While both stories use religion in somewhat contrasting ways, the simplistic one-to-one of religion and knowledge is what pushes these stories apart, with respect to their potential impact. Instead of being Yin and Yang to one another, they tread all too similar ground, which in turn hurts the stories’ representations of knowledge, its power, and its purpose. This is also apparent when dealing with race and class issues in each story. Both employ such divisive concepts to further sketch a world seemingly without wisdom and in desperate need of it, but do it in such similarly hand-to-nose ways as to damage their individual and communal potential. In both stories, the power of black men is to be feared—be it by an authoritative presence in The Gift of Fire or a single misguided individual, as is the case with the zealot of On the Head of a Pin. The issue of race is tackled with claw-hammer delicacy, as the President is advised of the threat of a black man with followers, and a co-worker sees Josh (a black man) as less than human—until he is touched by “the divine”—and once more the promise of these two stories of contrasting genres approaching a similar conceit from two individual and unique perspectives is lost.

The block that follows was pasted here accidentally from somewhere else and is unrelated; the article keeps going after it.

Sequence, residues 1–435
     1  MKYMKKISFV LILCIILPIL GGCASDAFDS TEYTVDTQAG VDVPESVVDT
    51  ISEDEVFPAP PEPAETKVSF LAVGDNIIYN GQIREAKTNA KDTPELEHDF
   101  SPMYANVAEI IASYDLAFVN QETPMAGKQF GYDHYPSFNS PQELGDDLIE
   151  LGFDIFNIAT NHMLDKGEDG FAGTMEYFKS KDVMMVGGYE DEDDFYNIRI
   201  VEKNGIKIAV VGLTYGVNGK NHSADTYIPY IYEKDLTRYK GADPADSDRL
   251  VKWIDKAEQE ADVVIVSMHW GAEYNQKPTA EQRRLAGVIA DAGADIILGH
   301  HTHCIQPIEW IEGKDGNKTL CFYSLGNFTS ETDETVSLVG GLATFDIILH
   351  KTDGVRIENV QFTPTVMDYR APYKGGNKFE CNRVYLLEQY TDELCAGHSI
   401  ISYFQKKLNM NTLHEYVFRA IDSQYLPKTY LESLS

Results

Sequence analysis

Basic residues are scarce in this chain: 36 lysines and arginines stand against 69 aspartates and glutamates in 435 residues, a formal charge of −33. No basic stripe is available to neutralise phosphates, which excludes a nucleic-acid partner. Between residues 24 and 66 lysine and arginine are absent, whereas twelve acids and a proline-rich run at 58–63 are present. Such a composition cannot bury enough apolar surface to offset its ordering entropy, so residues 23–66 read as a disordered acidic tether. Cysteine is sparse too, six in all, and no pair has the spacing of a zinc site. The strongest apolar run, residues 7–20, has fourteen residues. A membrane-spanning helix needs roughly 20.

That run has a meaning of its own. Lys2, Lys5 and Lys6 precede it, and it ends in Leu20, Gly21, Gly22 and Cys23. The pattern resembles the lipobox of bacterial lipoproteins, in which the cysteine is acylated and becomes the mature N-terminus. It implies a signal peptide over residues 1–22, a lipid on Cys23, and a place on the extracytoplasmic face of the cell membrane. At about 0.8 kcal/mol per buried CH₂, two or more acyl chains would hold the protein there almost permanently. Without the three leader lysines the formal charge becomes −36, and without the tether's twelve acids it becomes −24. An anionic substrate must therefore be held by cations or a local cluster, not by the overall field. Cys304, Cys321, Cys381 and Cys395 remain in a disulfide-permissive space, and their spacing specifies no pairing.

Perhaps this is a question of expectations. As I read the two stories, I found myself more intrigued by how the author presented knowledge as a fulcrum around which the details spun into their own independent directions, dependent on the genre and scope at play. But while these basic plot elements did in fact contrast (the science versus the fantasy; the homeless versus the scientists, both fighting the government), they were drawn in to one another all over again by Mosley’s inability to truly push the ideas of race, class, religion, and knowledge into far reaching corners at the opposite ends of the spectrum, which is what the differing set-ups seem to promise at the outset of each story.
Taken individually, both stories are somewhat amusing, if occasionally frustrating, takes on familiar science fiction and fantasy tropes. The Gift of Fire is certainly the stronger of the two in terms of plot and character development, though the character of Prometheus is all too quickly abandoned for the less strenuous Christ allegory. But together, laced as they are with socially pertinent themes that are simply not given their chance to develop into unique approaches to what is in the end very familiar subject matter, The Gift of Fire and On the Head of a Pin just don’t reach far enough.